By Derek DeBurger
After his four-year term is up, Gov. Andy Beshear, who won reelection in the ruby-red state of Kentucky by a margin of five points against Republican challenger Attorney General Daniel Cameron, cannot run for another term in 2031 per state law. The question then becomes: what will Beshear do next?
I believe that Beshear will try his hand at a presidential bid in 2028.
One of the most popular governors in the country
According to a poll released by Morning Consult, Andy Beshear is the fifth most popular governor in the entire country. Despite being the governor of a state that voted for former president Donald Trump in 2020 by a margin of 26 points, Beshear has a 49% approval rate to just 48% disapproval among registered Republicans in the state.
Beshear has been able to reach such a high approval rating for a few reasons. His reputation is built on being someone who is more than willing to work with the other side of the aisle to get things done. Despite being a Democratic governor in a state with a house and senate both controlled by Republicans, Beshear has been able to get a lot of legislation passed. Beshear signed medical marijuana and legal sports betting into law, and he was able to help secure funding for the first hospital in West Louisville in over 150 years.
Leader of a growing state economy
Another massive reason is that the Kentucky economy has boomed ever since Beshear took office in 2019. In 2022, Kentucky saw the highest growth rate of general fund receipts—the money in a government budget that isn’t for a specific purpose—in 31 years.
The general fund receipts now total $14.7 billion, and it is a big part of the reason that Kentucky has experienced its two biggest surpluses in history in 2021 and 2022. There have also been record job opportunities introduced to Kentucky with Ford and SK Innovation bringing an estimated five thousand jobs to the state, and Envision AESC to bring an estimated two thousand jobs.
In May, these new job opportunities brought the unemployment rate to a record low of 3.8%. All of these factors, plus an expected 18,000 new jobs to be introduced in the coming years, have led S&P Global Ratings and Fitch Ratings to upgrade Kentucky’s financial outlook from “stable” to “positive”.
All of these are surefire, bipartisan ways to get support from everyone regardless of political affiliation, but what is probably the biggest reason for his high approval rating and popularity is that he seems like a genuinely nice person. Beshear’s father, former Gov. Steve Beshear, was well known for being incredibly kind to everyone he met, and the current Governor has taken that reputation and ran with it. In an age where politicians are universally hated across partisan lines, it’s nice to see someone who can get along with people.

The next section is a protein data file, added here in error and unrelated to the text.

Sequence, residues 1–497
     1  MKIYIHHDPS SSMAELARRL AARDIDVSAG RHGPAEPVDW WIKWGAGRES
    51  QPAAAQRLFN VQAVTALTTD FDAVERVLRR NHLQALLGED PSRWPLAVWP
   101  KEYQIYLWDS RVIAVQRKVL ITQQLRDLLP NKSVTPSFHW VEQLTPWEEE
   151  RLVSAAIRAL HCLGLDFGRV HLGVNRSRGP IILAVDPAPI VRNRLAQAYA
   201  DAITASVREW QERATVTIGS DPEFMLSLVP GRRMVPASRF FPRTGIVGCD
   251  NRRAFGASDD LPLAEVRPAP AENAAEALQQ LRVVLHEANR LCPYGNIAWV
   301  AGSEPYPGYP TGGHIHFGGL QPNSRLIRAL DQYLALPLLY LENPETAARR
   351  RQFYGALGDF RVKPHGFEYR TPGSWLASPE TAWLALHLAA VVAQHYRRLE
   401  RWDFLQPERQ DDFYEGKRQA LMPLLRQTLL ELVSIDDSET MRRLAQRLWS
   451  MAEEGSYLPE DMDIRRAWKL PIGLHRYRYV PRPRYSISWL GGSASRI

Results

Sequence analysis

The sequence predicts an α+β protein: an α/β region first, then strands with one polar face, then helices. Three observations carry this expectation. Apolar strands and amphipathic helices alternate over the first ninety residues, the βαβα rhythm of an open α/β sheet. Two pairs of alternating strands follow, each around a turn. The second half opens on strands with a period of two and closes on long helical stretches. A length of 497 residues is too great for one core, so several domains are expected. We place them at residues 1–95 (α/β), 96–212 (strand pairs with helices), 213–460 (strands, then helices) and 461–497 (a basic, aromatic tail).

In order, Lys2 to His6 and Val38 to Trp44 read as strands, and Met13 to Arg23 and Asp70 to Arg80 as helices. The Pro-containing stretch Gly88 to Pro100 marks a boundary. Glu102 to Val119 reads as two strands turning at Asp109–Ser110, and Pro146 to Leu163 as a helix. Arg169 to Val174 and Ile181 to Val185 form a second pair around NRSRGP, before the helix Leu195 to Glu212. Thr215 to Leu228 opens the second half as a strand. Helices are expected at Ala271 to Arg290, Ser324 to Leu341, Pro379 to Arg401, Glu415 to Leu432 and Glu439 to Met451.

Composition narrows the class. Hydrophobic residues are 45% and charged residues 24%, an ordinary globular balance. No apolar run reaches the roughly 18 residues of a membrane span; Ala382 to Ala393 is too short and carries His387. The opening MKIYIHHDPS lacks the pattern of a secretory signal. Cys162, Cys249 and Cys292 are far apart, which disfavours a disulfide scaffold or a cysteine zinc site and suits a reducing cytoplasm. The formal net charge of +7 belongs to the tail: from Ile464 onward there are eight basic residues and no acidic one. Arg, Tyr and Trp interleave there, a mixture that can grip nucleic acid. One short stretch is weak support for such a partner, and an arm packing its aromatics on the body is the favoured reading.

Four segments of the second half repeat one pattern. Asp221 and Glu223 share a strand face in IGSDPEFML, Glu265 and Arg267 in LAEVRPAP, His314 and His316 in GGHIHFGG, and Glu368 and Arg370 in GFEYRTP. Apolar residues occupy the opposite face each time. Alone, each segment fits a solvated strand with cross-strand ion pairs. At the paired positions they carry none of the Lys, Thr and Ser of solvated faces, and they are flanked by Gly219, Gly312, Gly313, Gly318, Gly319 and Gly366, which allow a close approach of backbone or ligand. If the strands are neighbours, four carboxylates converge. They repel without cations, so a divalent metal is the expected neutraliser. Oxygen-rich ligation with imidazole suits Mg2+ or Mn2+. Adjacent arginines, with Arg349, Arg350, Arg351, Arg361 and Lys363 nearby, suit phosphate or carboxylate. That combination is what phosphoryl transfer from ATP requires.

How it adds to a presidential bid
Being likable is great and all, and it’s very important for a candidate’s electability, but why the presidency? As I mentioned before, Beshear cannot run for a third consecutive term of governor, and there is no other position in state government that isn’t a step-down. If Beshear were to run for the U.S. House of Representatives he would be looking to unseat Rep. Morgan McGarvey—a fellow Democrat—and if he were to run for the U.S. Senate, he would have a more than difficult time beating out one of the two Republican incumbents.
If none of the rungs on the ladder look stable why not just jump to the top?
There’s precedent, too, for politicians going straight from governor to President. Jimmy Carter, Ronald Reagan, George Bush, and Bill Clinton were all governors of their home states directly before being elected President, with Reagan as the only one who was not governor within two years of entering the White House. As southern Democrats, Presidents Carter and Clinton could offer replicable molds for what can succeed in a run to be top banana.
Governor Beshear isn’t the only one who will be running in 2028, although that would make things much easier for him. State governors Gavin Newsom, Gretchen Whitmer, and Glenn Younkin, along with Vice President Kamala Harris, Transportation Secretary Pete Buttigieg, and Rep. Marjorie Taylor Greene are all potential candidates for 2028 not including candidates that will come out of nowhere and make a splash.
There’s also the question of what will be the deciding factors for voters in five years. It’s a nearly impossible task to determine the issues of tomorrow, but I’ve always believed—ever since my dad told me this when Obama was elected—that voters just vote for whoever is the opposite of the last President. Biden and Trump may be ideologically opposed, but one thing that is guaranteed to be the opposite of either candidate is someone with youth. Governor Beshear will be 49 years of age by election night 2028, significantly younger than the 85 and 83 that Biden and Trump will be respectively.
I’m also going to go on a limb here and say something that might be very unpopular: Donald Trump getting elected as the 47th President of the United States helps Beshear’s chances in 2028 more than a Biden reelection. I think it’s worse for the country, but better for Andy Beshear.
I know it’s early, and I know Beshear still has four more years in office and I know we haven’t even gotten through the 2024 election yet. For some of you, hell, most of you, the last thing you want to think about is another Presidential election.
I just want to be among the first to say “I told you so.”
Photo Courtesy // Andy Beshear, Instagram